I've always thought I was a good mother. I went into the job eagerly and loved almost every moment of it. (The many sleepless nights and being puked and pooped on weren't that much fun.) And knowing that my 3 daughters know the goodness of their God, that they are kind, loving and are learning how to be responsible for themselves and their actions also speaks well of the way they were raised. They are great kids, and I am extremely proud of them!
Mind you, I was far from perfect as a mother. My lovely Ex got top marks on loving them and accepting them for who they were; I wasn't very good at that until experience knocked some sense into my head. But then he was lacking in the discipline, consistency and expectation departments; and I was good at those things. We balanced each other out, he and I.
Then all too soon, he died; and I had to manage the job solo (with the love, support and prayers of family and friends).
Very hard work alone!
So, when the last one graduated, I smiled and said to myself:
So, I should feel satisfied, right? I mean, my life is good; there are no real reasons for me to feel distressed.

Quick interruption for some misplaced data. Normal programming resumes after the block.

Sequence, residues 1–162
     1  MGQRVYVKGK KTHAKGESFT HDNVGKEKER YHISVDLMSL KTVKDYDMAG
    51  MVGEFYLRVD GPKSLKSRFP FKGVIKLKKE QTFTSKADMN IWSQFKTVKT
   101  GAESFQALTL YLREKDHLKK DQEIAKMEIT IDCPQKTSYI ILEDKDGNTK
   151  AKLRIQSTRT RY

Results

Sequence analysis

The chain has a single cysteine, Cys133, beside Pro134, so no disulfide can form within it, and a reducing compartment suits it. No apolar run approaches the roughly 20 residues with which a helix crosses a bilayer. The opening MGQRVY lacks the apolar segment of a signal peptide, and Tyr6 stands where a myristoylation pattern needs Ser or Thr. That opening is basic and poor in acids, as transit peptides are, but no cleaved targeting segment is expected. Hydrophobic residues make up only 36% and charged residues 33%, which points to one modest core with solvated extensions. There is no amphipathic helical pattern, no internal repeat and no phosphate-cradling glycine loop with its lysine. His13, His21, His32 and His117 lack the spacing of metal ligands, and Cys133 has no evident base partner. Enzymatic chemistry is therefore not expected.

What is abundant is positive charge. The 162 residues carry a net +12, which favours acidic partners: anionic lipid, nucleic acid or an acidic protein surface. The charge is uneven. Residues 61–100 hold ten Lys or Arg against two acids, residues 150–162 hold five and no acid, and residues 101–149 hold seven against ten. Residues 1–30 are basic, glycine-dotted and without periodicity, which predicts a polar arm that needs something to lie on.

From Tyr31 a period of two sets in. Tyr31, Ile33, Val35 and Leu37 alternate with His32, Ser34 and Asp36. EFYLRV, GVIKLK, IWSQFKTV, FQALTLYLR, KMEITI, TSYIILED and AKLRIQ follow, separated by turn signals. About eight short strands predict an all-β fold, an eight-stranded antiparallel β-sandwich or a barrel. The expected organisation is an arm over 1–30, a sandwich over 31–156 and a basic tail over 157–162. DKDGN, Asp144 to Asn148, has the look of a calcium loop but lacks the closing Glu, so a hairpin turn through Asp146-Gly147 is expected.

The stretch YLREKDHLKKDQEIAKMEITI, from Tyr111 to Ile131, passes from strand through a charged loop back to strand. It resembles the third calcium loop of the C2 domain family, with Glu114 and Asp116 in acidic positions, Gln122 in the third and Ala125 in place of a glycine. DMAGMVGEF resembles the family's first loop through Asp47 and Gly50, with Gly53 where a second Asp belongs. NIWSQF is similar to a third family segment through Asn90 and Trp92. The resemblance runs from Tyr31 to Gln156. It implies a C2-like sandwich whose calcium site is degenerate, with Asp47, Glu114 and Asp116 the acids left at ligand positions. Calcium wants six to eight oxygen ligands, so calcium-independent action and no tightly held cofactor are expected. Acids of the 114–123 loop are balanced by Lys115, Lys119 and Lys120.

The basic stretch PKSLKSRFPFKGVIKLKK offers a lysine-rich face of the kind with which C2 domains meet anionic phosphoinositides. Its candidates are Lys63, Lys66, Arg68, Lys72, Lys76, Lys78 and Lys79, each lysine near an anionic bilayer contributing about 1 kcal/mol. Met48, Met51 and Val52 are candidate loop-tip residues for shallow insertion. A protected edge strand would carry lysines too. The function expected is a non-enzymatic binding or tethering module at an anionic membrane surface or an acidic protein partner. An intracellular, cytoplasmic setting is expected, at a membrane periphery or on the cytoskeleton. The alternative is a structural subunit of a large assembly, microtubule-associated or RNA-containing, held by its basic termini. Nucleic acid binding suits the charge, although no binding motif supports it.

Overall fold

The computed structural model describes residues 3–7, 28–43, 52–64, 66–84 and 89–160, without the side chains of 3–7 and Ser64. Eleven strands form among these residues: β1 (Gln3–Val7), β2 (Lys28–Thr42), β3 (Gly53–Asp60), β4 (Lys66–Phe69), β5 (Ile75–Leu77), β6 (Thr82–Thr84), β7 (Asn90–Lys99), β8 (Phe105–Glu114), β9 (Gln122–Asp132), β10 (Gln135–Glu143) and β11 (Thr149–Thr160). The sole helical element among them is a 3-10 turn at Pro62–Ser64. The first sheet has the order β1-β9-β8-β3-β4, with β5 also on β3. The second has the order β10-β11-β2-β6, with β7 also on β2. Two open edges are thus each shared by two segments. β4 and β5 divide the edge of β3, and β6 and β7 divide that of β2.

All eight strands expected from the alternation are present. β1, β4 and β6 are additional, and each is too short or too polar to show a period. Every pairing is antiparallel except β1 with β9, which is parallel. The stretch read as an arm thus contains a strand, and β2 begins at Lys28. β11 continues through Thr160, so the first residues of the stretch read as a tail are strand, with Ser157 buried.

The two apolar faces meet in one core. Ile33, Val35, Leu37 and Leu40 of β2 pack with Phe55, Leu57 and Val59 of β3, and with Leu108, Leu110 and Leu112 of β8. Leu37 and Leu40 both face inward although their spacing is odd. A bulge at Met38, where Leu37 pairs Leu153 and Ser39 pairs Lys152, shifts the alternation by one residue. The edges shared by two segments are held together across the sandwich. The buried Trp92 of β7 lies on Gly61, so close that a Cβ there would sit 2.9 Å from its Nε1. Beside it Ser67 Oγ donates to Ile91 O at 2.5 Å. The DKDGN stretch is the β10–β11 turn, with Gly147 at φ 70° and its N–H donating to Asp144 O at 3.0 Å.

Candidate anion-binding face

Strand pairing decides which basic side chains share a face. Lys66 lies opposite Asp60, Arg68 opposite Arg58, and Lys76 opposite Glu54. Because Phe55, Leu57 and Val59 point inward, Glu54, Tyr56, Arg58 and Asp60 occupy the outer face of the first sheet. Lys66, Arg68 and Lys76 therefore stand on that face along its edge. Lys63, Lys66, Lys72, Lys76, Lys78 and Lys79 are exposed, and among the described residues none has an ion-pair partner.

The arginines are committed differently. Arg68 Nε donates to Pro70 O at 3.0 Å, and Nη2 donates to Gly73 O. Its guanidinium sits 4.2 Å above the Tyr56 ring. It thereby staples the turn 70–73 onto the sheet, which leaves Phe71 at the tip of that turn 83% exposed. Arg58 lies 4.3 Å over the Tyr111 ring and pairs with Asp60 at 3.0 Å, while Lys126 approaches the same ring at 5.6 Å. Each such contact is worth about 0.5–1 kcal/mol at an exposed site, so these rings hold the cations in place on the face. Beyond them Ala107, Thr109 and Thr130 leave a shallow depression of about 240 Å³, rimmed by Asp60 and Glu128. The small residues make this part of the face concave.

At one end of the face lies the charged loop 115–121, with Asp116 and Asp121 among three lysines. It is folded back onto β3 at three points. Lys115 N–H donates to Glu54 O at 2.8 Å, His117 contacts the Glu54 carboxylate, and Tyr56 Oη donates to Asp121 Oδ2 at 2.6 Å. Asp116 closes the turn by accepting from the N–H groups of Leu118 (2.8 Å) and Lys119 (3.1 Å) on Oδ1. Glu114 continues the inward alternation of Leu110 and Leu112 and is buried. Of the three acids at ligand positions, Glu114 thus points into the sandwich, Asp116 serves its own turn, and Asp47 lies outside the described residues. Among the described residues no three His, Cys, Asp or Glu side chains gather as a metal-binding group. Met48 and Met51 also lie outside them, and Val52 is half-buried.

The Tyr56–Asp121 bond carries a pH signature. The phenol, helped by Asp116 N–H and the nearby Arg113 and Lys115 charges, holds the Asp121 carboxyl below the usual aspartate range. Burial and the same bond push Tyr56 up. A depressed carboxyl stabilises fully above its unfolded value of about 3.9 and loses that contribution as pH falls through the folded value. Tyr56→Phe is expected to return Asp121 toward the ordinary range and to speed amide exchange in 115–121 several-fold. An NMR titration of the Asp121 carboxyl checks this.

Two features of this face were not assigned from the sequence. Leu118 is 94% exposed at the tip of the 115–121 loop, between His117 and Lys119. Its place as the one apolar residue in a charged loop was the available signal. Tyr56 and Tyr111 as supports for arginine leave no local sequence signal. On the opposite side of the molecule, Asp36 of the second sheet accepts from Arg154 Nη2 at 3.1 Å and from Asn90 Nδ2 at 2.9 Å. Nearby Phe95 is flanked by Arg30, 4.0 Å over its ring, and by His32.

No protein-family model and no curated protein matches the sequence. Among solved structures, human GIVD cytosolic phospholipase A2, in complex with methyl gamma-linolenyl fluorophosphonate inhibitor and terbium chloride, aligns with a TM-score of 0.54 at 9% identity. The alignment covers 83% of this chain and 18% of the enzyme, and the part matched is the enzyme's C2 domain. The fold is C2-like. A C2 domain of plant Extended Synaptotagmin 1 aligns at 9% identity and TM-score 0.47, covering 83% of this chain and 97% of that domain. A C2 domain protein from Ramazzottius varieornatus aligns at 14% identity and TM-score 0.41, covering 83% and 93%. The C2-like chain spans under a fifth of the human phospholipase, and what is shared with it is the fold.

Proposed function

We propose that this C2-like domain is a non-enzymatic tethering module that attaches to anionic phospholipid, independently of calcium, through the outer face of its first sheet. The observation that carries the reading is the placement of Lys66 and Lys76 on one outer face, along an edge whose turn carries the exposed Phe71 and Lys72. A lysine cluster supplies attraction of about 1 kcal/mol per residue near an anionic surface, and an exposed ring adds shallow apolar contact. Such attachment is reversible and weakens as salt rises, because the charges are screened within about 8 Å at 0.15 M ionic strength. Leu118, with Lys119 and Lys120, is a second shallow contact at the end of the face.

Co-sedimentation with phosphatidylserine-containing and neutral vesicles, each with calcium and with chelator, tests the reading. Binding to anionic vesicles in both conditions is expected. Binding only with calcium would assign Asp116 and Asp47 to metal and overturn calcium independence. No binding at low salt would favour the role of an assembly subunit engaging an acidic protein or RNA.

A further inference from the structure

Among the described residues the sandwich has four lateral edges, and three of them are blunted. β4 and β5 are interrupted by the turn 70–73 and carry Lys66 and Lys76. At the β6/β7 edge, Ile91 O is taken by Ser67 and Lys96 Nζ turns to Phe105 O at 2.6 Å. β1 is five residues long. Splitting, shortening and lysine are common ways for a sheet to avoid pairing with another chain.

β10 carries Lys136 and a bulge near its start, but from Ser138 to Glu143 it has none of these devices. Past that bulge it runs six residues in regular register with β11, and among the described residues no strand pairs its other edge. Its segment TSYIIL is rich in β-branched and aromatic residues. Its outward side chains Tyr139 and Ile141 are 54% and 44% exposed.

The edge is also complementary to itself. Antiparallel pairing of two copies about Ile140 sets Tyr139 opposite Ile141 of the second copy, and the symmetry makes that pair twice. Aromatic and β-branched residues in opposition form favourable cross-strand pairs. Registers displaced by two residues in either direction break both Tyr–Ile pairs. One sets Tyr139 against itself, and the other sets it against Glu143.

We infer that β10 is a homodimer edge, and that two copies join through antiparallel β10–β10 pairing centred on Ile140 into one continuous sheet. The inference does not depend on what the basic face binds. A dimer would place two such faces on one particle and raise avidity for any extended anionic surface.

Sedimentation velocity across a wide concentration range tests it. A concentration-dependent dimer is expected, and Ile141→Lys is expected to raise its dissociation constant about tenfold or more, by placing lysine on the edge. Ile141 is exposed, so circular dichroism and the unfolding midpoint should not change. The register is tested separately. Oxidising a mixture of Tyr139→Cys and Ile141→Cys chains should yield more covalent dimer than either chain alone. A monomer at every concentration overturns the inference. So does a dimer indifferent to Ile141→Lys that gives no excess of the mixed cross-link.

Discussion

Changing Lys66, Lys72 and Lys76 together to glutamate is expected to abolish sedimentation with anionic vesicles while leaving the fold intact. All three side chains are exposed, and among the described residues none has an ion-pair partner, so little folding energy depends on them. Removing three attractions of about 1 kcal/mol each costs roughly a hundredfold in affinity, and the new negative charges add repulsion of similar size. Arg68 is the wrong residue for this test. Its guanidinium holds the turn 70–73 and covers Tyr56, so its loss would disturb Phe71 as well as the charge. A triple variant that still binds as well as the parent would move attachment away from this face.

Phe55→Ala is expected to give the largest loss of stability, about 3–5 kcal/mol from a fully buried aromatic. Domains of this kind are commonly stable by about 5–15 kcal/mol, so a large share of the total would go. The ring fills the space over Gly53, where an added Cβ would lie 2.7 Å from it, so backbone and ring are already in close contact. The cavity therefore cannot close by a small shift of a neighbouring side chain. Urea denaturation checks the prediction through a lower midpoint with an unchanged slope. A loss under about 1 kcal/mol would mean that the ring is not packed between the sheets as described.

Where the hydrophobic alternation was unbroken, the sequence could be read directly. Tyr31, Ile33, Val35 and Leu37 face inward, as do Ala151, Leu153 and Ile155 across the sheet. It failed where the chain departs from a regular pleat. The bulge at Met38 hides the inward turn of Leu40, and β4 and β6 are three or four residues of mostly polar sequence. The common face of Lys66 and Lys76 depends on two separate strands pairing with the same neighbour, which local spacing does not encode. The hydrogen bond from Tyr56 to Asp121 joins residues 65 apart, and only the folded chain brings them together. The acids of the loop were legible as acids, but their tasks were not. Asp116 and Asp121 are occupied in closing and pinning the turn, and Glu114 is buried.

But often lately, even in the middle of my lovely life, and often even in the midst of people and busy-ness, I am overcome with nostalgia and longing for my girls. I stop suddenly and think "OMG! I need them!" I don't want them home with me (one doesn't want to go THAT far!); but I want them "near".
I long to hear their voices.
I taught them to strike out on their own and learn through making mistakes. I taught them how to make good friends and to be a good friend; to find a job, to fend for themselves; to remember to take care of themselves physically and emotionally. I forgot that all this would take time and energy which meant less of the same to be spent on Mama.
I long to touch them.
I taught them to have dreams and to pursue them. "Travel!" I said. "See as much of your world -- big or small -- as you can!" I told them time and time again "Get off your arse! Don't feel sorry for yourself; get out there and do, not just for you but for others too!" But I was so busy teaching them to 'go for it' that I forgot that I'd still be here at home; and that their wonderful, busy lives meant that I wouldn't see them as often as I might want to.
You know: the one that explains how to cut the apron strings without having them whip back and tangle me up? Where was the part that showed me how to teach them to stay really connected to Mama while being independent at the same time? Where was the chapter that would warn me that even when we're all of us grown and happy, I'd still ache to cuddle with them.
To have them stop being adults for an hour or so and just let me rock them and nuzzle their sweet smelling necks!
That might suffice!